Two important things have come out of the Reproducibility Project. The first is that psychologist, project leader and now experienced cat-herder Brian Nosek deserves some sort of medal, and his 270-odd collaborators should be given shoulder massages by grateful colleagues.

It’s been psychology’s equivalent of the large hadron collider but without the need to dig up half of Switzerland.

The second is that no-one quite knows what it means for psychology. 36% of the replications had statistically significant results and 47% had effect sizes in a comparable range although the effect sizes were typically 50% smaller than the originals.

When looking at replication by subject area, studies on cognitive psychology were more likely to reproduce than studies from social psychology.

Is this good? Is this bad? What would be a reasonable number to expect? No one’s really sure, because there are perfectly acceptable reasons why more positive results would be published in top journals but not replicate as well, alongside lots of not so acceptable reasons.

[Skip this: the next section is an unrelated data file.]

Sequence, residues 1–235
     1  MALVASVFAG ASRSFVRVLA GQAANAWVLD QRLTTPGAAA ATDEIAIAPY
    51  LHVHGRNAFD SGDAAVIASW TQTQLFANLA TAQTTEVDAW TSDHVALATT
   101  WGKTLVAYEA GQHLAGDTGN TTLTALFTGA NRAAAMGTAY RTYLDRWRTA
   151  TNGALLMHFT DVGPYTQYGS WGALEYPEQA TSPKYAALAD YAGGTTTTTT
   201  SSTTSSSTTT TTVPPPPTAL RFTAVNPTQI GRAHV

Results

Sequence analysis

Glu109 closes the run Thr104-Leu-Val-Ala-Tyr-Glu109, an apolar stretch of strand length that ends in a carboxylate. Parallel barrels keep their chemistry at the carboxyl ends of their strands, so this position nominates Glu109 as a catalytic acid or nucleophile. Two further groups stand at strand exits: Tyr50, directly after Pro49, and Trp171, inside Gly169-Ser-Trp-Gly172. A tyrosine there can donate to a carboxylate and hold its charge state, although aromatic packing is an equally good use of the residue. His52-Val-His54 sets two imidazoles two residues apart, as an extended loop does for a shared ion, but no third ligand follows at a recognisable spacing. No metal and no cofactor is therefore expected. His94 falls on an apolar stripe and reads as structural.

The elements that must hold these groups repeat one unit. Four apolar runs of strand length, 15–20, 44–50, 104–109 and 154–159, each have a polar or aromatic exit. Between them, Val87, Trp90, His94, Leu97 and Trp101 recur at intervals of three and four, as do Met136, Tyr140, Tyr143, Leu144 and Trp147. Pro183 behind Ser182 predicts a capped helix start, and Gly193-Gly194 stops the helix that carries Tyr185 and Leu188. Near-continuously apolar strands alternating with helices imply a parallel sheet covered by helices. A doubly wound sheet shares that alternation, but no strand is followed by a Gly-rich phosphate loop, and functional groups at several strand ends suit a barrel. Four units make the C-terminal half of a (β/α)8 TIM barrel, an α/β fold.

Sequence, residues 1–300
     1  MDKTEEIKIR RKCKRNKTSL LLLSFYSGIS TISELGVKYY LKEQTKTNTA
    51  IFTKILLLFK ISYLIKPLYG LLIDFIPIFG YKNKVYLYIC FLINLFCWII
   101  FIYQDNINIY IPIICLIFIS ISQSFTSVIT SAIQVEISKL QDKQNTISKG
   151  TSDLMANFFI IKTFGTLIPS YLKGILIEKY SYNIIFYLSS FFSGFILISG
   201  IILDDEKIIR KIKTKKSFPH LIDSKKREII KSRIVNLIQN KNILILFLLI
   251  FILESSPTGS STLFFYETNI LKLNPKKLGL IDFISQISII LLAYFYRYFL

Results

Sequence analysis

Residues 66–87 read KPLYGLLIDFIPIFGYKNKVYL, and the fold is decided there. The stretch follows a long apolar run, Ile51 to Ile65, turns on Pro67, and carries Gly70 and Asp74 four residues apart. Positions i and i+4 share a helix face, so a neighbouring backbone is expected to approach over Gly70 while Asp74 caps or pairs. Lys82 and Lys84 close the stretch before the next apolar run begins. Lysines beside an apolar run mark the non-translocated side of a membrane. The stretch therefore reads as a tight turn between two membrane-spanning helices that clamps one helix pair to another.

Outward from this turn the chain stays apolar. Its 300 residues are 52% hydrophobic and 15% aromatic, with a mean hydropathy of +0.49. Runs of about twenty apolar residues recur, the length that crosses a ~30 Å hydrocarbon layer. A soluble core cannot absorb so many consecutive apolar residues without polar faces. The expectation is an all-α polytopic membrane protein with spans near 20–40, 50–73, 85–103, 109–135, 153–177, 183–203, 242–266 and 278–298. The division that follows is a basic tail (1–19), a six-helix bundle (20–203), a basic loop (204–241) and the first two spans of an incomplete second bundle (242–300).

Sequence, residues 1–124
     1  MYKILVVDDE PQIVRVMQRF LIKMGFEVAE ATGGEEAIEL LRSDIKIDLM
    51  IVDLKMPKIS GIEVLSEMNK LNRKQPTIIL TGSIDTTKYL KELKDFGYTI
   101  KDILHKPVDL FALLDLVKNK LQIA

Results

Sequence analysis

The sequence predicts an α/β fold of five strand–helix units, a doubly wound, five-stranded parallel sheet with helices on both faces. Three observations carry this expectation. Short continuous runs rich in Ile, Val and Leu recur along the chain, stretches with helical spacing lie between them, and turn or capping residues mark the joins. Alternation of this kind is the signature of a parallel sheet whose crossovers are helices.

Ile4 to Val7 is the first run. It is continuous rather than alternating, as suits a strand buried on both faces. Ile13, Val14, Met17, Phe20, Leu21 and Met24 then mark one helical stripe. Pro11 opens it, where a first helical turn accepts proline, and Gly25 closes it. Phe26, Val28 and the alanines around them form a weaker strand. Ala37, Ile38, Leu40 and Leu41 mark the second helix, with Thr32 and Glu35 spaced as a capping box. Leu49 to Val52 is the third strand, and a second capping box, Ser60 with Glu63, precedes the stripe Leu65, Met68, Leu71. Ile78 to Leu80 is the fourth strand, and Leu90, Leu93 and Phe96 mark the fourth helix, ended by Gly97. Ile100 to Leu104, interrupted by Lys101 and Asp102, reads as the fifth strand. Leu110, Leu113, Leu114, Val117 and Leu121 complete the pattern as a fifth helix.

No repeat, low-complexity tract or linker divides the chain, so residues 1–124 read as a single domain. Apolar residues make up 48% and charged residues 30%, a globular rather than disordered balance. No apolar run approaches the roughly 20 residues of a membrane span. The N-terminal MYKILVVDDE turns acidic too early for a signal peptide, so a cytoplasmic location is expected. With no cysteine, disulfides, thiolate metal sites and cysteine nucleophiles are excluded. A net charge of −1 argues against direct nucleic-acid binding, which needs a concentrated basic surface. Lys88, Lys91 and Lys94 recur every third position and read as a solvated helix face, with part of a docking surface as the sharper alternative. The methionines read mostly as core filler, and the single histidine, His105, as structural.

The not-so-acceptable reasons have been well-publicised: p-hacking, publication bias and at the darker end of the spectrum, fraud.

But on the flip side, effects like regression to the mean and ‘surprisingness’ are just part of the normal routine of science.

‘Regression to the mean’ is an effect where, if the first measurement of an effect is large, it is likely to be closer to the average on subsequent measurements or replications, simply because things tend to even out over time. This is not a psychological effect, it happens everywhere.

Imagine you record a high level of cosmic rays from an area of space during an experiment and you publish the results. These results are more likely to merit your attention and the attention of journals because they are surprising.

But subsequent experiments, even if they back up the general effect of high readings, are less likely to find such extreme recordings, because by definition, it was their statistically surprising nature that got them published in the first place.

The same may well be happening here. Top psychology journals currently specialise in surprising findings. The editors have shaped these journal by making a trade-off between surprisingness and stability of the findings, and currently they are tipped far more towards surprisingness. Probably unhealthily so.